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Friday, Jan. 9, 2009
Somali kidnappers release Japan doctor, Dutch nurse
By JUN HONGO
Somali kidnappers have freed a Japanese doctor and a Dutch nurse after holding them in captivity for more than three months, the Foreign Ministry said Thursday.
Keiko Akahane, 32, arrived at an airport in Nairobi at around 5:30 p.m. Wednesday local time, Japan's ambassador to Kenya confirmed.
The embassy in Nairobi was told of her release two hours earlier by Paris-based medical charity Doctors of the World, for which Akahane works.
Akahane was kidnapped Sept. 22 along with Dutch nurse Wilhem Sools while providing medical aid in the Ogaden region in eastern Ethiopia near the Somali border, according to Doctors of the World.
A Somali group had reportedly demanded a ransom of $3 million after abducting the two, but the Foreign Ministry said it could not comment on whether a payment was made.
The Foreign Ministry said Akahane is currently in Nairobi, where she will be given a medical checkup, but she appeared to be in good physical condition.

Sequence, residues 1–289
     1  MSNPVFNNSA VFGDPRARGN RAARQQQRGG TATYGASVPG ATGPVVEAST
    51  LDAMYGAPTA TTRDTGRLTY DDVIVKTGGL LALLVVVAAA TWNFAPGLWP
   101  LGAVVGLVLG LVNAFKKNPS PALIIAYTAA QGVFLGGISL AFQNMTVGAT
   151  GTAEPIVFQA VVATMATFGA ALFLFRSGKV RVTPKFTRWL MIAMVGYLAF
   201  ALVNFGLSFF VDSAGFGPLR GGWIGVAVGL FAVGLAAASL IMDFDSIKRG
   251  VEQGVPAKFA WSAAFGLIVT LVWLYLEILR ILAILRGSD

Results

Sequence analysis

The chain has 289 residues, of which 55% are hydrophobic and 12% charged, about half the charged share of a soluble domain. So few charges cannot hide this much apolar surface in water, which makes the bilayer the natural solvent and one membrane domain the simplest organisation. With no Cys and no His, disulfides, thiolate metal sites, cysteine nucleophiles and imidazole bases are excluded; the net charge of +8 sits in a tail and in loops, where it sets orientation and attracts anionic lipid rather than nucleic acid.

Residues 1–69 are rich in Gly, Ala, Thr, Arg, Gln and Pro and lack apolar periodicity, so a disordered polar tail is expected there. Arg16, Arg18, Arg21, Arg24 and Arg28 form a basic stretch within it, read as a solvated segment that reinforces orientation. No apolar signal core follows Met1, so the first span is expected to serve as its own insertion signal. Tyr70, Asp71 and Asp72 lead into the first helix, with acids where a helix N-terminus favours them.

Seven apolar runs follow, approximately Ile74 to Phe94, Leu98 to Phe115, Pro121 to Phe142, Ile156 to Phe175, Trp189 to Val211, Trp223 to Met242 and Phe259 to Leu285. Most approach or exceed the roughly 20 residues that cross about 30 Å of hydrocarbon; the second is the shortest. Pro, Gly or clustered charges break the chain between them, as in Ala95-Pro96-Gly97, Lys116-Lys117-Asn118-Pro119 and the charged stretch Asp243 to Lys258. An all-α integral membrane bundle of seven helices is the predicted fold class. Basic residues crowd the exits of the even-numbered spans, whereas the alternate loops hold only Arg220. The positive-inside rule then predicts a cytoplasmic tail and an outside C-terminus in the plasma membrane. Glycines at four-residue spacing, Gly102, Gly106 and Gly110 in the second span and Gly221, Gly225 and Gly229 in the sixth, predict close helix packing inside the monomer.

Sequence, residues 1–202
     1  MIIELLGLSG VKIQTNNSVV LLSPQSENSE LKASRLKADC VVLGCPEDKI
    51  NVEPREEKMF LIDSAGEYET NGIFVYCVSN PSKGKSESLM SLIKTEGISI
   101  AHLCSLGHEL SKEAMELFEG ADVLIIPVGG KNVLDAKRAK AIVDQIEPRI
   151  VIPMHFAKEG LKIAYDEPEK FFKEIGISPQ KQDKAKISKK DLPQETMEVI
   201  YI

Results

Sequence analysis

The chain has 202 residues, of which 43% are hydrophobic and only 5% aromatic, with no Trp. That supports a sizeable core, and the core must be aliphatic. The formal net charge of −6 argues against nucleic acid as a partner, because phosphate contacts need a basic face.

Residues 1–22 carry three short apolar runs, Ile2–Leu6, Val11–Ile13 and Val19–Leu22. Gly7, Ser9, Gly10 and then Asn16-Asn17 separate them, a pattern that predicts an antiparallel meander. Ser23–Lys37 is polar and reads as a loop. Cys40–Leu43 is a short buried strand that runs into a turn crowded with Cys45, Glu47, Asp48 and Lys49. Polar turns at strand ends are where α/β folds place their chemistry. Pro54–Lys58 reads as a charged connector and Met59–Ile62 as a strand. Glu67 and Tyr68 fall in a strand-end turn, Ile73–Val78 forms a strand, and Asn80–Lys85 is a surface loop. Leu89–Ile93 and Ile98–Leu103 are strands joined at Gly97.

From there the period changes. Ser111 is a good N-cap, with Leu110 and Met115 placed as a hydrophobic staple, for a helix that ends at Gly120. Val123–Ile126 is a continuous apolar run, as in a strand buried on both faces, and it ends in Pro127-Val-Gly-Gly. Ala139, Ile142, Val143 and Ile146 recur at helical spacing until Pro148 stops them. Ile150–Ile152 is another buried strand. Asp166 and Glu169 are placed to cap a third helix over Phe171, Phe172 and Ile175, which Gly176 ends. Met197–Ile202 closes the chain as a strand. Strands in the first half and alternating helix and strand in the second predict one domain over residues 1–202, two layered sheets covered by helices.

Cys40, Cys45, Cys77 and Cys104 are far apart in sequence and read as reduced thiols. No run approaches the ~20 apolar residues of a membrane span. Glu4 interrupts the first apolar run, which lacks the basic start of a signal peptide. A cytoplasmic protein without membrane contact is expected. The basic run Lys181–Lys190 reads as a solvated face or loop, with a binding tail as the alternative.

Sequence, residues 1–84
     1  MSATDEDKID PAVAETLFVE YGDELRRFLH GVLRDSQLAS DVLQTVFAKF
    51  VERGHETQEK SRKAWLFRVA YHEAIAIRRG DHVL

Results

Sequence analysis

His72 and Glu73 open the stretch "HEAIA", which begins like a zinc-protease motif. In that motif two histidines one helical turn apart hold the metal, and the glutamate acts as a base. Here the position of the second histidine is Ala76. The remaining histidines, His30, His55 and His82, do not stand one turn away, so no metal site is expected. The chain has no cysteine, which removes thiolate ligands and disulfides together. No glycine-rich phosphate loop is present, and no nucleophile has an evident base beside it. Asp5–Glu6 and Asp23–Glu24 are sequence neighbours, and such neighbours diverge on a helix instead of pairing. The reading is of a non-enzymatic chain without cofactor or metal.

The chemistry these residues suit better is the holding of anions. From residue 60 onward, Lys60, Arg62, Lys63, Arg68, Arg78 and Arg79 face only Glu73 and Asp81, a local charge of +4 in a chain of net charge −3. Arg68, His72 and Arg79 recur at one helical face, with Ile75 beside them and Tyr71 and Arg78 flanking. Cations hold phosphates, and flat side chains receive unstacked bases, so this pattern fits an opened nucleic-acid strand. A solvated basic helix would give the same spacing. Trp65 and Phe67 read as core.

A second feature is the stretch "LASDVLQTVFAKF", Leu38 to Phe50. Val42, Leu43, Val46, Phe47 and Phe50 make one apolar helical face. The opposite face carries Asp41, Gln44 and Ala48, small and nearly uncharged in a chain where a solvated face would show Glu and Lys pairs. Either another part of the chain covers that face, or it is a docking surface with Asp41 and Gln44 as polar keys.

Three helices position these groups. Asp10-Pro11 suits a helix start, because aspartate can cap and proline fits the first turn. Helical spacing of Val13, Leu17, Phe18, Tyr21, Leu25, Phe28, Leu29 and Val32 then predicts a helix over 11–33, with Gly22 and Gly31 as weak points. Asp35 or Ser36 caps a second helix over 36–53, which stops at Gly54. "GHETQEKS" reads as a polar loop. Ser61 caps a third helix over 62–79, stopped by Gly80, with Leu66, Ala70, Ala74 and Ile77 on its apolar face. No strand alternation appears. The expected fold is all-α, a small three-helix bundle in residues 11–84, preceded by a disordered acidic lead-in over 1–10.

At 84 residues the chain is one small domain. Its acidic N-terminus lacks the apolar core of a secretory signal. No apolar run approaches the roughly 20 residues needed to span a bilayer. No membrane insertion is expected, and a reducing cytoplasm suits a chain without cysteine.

"This kind of act cannot be justified under any reason," Foreign Minister Hirofumi Nakasone said in a statement, adding that the government will work with the international community to bring security to the region.
The ministry said Akahane and Sools were released in Somalia but did not give details on the negotiation process.
A ministry official in charge of consular affairs acknowledged that Doctors of the World was in charge of negotiations with the kidnappers and that the government could not confirm the facts, such as who accompanied Akahane to Nairobi or what led the kidnappers to release their captives.
"We believe it would have been to the advantage of the kidnappers if the government had negotiated directly with them," a senior Foreign Ministry official said, but added the government was not "completely" dependent on Doctors of the World.
"But we cannot reveal how exactly the government was involved," he said.
Chief Cabinet Secretary Takeo Kawamura also remained secretive about government participation in Akahane's release.
Family relievedNAGANO (Kyodo) The mother and older brother of kidnap victim Dr. Keiko Akahane were delighted Thursday at the news she was freed and in good condition in Kenya after 3 1/2 months in captivity in Somalia.
"I'd like to applaud her for tolerating the suffering for such a long time," said her mother, Chieko Akahane, 64, speaking to reporters at a relative's home in Ina, Nagano Prefecture.